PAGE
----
Rubber Bullets was released in America to ecstatic critical raves and only a little commercial response. “We’re into America,” Lol said. “It knocks us out. Once you’ve seen America you can’t help but want to reflect on it. Musically, it’s a source of a lot of inspiration. We had to edit ‘Rubber Bullets’ because it was offensive. But the tours of America have been great. For an unheard of band, it went down well. It’s such a big place to get known, but we’re not impatient people and we refuse to pander to the taste of AM stations or use gimmicks. America is the only place where you can make it purely on your own moral values. That’s why we’ll keep doing it as best we can, because we believe it’s important.”

10cc’s second album, Sheet Music, was released in 1974, and again the critics pounced on their quirky, delightful sound. Cuts like ‘Worst Band In The World’ and ‘Wall Street Shuffle’ only served to prove further that the band were without doubt, the most innovative pop amalgamation to come along in years. But again, commercial success did not follow logically. ‘Shuffle’, like ‘Bullets’ before it, was a regional hit in some areas of America, but its lyrical incisiveness scared off many AM programmers, and its unabashed pop sound kept it off progressive radio. 10cc were stuck in the middle, and no one seemed to know where to put them, so most people tried as hard as possible to ignore them. The fact that both releases appeared on a small label, King’s UK, did not help, even though its distributors, London Records, launched a large advertising campaign. Half the critics seemed totally unable to cope with a band whose sound was, simply, so damned weird.

Brains vs. brawn: Their stage act was still a bit rough as well. “We didn’t claim to be God’s gift to the performing stage,” Lol said in answer to the British critics who bit unmercifully at their heels. “We were still learning. It took so long to recreate the studio sound onstage. We spent a fortune on equipment, virtually reproducing the studio in miniature on the road with a 30 channel desk, the PA is vast and it’s pure quality. It’s brains, not brawn. It’s so sophisticated. We use grand and electric piano, two drum kits, and guitars. There’s also The Gizmo, an invention Kevin and I came up with.”

The gizmo is a small device that attaches to the bridge of a guitar, covered with little buttons which give the sound of bowing the strings. It’s a mechanical device rather than an electronic one, and it gives the freedom of a six string section, and far more freedom than a mellotron (“Crap!” Lol spat) which operates with a tape delay system, and a set length of a note. “The mellotron is clumsy and primitive. The gizmo is absolute freedom to play runs, chords and even percussion,” Lol said in explaining the two years it took to build it. “We were sick of the electronic sound.”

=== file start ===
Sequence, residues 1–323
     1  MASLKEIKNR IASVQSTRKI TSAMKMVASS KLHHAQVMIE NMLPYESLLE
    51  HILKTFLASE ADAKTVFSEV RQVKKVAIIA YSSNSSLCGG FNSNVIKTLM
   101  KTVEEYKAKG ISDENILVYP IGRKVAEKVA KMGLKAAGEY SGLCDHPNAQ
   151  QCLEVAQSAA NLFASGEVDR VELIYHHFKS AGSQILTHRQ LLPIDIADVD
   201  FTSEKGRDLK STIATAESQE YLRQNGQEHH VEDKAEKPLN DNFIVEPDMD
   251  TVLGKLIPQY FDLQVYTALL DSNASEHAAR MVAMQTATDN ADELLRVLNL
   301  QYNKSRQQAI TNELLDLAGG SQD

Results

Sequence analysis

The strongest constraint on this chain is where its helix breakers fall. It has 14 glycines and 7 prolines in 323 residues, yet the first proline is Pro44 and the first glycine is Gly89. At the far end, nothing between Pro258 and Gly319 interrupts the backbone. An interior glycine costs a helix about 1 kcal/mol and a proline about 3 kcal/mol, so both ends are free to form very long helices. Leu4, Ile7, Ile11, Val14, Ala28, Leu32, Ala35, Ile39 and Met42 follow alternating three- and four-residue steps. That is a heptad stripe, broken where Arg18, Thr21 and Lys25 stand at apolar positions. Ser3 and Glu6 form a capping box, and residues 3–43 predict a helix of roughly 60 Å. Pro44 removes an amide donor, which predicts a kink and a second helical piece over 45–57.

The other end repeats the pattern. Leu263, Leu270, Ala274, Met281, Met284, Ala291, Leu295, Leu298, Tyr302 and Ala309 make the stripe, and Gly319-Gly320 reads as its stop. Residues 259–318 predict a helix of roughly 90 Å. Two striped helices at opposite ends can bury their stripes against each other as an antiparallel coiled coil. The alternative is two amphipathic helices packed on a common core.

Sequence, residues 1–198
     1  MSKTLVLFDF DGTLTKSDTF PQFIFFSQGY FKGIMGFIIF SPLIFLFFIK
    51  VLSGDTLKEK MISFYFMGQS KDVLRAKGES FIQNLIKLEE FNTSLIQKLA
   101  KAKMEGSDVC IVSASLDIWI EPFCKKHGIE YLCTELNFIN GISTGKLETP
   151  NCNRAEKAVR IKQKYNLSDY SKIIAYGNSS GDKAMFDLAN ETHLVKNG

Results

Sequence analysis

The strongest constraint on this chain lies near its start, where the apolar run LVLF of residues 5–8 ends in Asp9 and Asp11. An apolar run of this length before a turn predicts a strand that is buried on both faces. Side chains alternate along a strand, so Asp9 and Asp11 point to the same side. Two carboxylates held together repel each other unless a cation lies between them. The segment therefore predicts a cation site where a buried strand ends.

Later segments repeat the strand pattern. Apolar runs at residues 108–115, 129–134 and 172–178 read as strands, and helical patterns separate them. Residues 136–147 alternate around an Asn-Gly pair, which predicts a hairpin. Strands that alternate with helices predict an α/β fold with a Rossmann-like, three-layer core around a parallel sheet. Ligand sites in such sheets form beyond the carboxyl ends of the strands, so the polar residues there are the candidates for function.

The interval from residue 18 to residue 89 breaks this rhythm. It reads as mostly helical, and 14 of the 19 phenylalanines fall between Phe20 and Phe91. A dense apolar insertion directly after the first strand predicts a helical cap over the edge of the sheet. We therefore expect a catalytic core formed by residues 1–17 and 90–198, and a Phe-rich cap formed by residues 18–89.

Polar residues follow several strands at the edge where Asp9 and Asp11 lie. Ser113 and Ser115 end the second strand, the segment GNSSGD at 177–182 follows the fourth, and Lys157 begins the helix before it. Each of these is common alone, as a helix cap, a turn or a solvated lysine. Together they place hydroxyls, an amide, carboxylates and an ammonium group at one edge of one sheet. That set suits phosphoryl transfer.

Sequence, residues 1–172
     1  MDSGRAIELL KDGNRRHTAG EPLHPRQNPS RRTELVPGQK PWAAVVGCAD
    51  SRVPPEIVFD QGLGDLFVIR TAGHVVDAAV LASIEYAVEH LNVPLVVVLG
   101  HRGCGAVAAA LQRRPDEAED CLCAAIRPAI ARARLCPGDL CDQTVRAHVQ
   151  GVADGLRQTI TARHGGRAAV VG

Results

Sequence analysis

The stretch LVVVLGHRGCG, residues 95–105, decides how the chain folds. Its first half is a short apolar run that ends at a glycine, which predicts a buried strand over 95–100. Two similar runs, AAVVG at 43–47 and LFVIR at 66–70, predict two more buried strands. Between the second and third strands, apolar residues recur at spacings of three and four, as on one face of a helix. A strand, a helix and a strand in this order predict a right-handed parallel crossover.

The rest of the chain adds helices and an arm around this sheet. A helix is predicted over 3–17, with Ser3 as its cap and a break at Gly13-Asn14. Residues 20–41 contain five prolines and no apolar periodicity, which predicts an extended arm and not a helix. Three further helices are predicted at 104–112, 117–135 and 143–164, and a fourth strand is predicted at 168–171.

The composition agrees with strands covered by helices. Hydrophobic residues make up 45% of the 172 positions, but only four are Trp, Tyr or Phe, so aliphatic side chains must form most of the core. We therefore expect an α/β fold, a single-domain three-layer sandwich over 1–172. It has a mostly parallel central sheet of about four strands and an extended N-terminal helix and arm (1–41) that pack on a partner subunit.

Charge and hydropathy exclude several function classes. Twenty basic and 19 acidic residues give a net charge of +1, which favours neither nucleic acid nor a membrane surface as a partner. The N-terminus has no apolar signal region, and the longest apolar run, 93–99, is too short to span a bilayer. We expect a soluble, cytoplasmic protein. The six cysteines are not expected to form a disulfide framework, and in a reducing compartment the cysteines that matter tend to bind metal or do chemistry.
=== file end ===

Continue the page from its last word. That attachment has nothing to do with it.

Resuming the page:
Then, in the last year, 10cc were freed from their contract with UK Records and signed with the giant, worldwide Phonogram complex. “When we started with Jon, it was like we had nothing to lose. Then it escalated, and became, unfortunately, financially impractical to work with Jonathan. Even though we own the studio, we pay to use it, and the royalties we were getting didn’t even pay the studio time. Jonathan couldn’t afford to allow us to make records, and we won’t do it on the cheap. Then, London Records are a problem. We have friends there like Don Wardell, but as a massive team, they’re ineffective at the moment. We needed the American success and it wasn’t happening. We didn’t want to blow any more music on the faulty machinery of London Records. It came to a head and we had to change. Phonogram came out on top however you look at it. They’ve got the resources, and a happening team.”

Thus it is that The Original Soundtrack, “a very different sort of album,” is finally appearing in America. For 10cc it represents a logical progression. But for listeners, it’s like a hammer blow on the head. The first cut, ‘Une Nuit A Paris (One Night In Paris)’, is, according to Lol, “a section taken out of a musical written by Kevin and me, recorded as though you were listening to a film. You’ll see the picture if you close your eyes.”

‘I’m Not In Love’ features another device that builds a lush background orchestration out of voices. The tracks backing actually features 500 voices, turned by Kevin and Lol’s electronic madness into a celestial choir. It was recorded simply at first, and then redone as a showcase that carries the listener away. It’s followed by ‘Blackmail’, a typical piece of 10cc sarcastic fiction about porno kings. A man takes keyhole pictures of a woman, and sells them, and then:

He sold her to Hefner
Who put her in Playboy
He gave her a centerfold
I made a real blunder
She made it in movies
I made her a superstar.

Or, as Lol puts it, “there’s an aspiring Linda Lovelace in everybody.”

‘The Second Sitting For The Last Supper’ opens the second side. It is a dadaesque plea for a second coming, “such a lovely idea,” Lol laughed. Again, the lyrics are classic, vintage 10cc.

Two thousand years and he ain’t come yet
We kept his seat warm and his table set

“My wife and I just had a baby boy,” Lol said, explaining ‘Brand New Day’, “and I wanted to write them a song. It was in my head all through the pregnancy. Then I got together with Kevin and it developed strange, but still a lullaby to my baby, Lalo, to tell him to watch his ass. ‘Flying Junk’ was written by Eric and Graham and they get cagey about it, saying it’s about antiques. Kevin and I refuse to believe them. But each track is an entity, and this one came to life when we added a zither to it. Each track takes a lot of colors, like a painting.” And like a painting, the viewer or listener can read what they want into the double meaninged lyrics.

‘Life Is A Minestrone’ evokes the 60s concept, You Are What You Eat.

Life is a minestrone
Served up with parmesan cheese
Death is a cold lasagne suspended in deep freeze.

“It’s just a piece of complete lunacy that we wanted to record in an Italian restaurant, but we never got that far.” Finally, there’s ‘The Film Of My Love’, about a singer, whose identity Lol refused to divulge, but who is, according to Mr. Creme, “a total megalomaniac. It takes the piss out of his ego.” Leave it to 10cc to close an album with a piece of warped romantic schmaltz. “Verbal diarrhea,” Lol laughed, and then totally cracked up, in hysteria.

“As far as we’re concerned,” Lol went on once he recovered, “the music is there to be enjoyed. If you have to look deeper, then you’ve gotta understand that anything we rip down is something that has to be replaced. You have to start the argument first.” With that, Lol launched himself to the door, where a roadie told him he was already late for another sold-out concert.

One could easily imagine him, an hour or so later, standing on a stage in the English countryside, beaming at the screaming crowd, as the words of ‘Une Nuit A Paris’ poured out of the PA:

Oh, my cheri, wish you were mine
And I’ll show you a wonderful time
For the price of a cheap champagne
I’ll show it to you once again…

© Michael GrossCircus Raves, July 1975